Discrete mathematics, computer science and statistical physics have a shared heritage, dating back at least to the birth of modern computing. In recent years, an interdisciplinary area has blossomed at the junction of these fields. Insights from the mathematical and physical sciences have brought significant contributions to solving basic computational challenges. Researchers have successfully applied techniques from the study of phase transitions to analyze NP-complete problems such as satisfiability and graph coloring. This is leading to a new understanding of the structure of these problems, new ways to analyze algorithmic performance, and most excitingly, effective new algorithms. At the same time, computer science has provided significant new perspectives in probability and combinatorics. The study of complex networks has reinvigorated the graph theory community, providing a rich source of new models that aim at capturing the essential structure of real-world data.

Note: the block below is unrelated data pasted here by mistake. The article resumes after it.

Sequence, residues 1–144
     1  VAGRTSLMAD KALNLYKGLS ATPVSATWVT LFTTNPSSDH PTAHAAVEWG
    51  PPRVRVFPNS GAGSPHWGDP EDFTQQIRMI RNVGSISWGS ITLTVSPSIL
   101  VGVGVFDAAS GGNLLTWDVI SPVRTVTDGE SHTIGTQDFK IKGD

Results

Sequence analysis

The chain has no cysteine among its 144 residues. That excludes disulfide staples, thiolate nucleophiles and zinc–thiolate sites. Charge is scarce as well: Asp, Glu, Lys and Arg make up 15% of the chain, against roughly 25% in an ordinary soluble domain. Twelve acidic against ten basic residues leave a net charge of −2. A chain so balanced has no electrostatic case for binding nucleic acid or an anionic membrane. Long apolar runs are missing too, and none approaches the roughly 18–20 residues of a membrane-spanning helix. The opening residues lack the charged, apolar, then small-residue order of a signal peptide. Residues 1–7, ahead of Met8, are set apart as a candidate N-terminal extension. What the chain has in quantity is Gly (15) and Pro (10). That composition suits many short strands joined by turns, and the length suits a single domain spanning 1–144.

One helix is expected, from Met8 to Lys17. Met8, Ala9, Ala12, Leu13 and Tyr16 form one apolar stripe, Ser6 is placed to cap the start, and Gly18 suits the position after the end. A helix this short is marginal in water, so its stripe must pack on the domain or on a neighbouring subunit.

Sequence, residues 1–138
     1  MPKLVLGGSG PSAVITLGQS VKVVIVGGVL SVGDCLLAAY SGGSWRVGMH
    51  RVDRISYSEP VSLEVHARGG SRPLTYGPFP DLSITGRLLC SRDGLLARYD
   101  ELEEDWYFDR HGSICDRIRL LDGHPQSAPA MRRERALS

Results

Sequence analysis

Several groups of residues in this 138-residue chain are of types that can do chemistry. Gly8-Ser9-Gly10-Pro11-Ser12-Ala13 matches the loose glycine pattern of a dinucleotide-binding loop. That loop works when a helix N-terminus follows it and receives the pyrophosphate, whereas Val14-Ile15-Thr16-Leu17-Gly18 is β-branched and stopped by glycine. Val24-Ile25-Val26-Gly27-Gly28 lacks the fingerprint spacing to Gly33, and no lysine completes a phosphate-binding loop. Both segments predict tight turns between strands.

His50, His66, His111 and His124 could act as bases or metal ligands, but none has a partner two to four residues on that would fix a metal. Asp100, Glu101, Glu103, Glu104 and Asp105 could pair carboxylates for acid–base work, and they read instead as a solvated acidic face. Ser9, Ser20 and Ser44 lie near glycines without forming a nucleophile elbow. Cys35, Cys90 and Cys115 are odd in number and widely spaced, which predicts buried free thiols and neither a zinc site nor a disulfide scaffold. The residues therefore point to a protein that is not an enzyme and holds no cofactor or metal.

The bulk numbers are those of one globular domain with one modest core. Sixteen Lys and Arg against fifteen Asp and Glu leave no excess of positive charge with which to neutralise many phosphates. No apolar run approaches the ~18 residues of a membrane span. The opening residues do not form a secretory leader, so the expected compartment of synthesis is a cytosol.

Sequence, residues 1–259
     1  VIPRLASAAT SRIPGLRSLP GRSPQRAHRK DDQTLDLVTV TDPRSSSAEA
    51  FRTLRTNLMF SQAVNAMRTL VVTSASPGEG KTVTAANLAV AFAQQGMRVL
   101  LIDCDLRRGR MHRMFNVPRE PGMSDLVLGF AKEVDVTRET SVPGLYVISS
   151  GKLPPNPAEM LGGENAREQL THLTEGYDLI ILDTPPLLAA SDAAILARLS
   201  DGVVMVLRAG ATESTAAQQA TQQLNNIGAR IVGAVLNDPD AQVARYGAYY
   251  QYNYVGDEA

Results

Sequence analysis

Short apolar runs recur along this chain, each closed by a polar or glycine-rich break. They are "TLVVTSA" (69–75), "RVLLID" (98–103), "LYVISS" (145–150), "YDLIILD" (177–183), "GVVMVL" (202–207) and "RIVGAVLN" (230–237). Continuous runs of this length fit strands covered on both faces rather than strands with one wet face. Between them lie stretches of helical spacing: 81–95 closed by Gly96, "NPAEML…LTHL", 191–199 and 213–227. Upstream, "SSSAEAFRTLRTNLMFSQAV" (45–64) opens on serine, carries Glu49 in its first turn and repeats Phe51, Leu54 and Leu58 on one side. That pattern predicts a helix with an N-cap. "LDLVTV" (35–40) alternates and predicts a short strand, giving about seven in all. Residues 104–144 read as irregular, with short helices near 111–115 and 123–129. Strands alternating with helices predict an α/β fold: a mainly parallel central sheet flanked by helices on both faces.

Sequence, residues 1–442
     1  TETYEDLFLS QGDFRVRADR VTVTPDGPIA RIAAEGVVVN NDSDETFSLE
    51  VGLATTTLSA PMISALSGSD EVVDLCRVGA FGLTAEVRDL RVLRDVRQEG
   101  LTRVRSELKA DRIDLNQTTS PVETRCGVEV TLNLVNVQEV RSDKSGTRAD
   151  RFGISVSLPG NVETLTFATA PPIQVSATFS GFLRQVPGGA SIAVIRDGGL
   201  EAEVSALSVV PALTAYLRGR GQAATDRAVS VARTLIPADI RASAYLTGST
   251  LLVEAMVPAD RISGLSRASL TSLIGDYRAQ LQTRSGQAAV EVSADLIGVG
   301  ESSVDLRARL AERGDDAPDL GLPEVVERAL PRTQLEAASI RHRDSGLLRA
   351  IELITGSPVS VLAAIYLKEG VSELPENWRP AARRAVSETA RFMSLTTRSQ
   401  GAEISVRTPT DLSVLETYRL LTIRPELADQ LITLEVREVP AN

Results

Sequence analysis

This work has been funded by the DOE Laboratory-Directed Research and Development (LDRD) projects DR 2006117 and ER 20030137 at Los Alamos National Laboratory, the NSF award CCF-0829945, and the Air Force Office of Scientific Research MURI award FA9550-10-1-0569.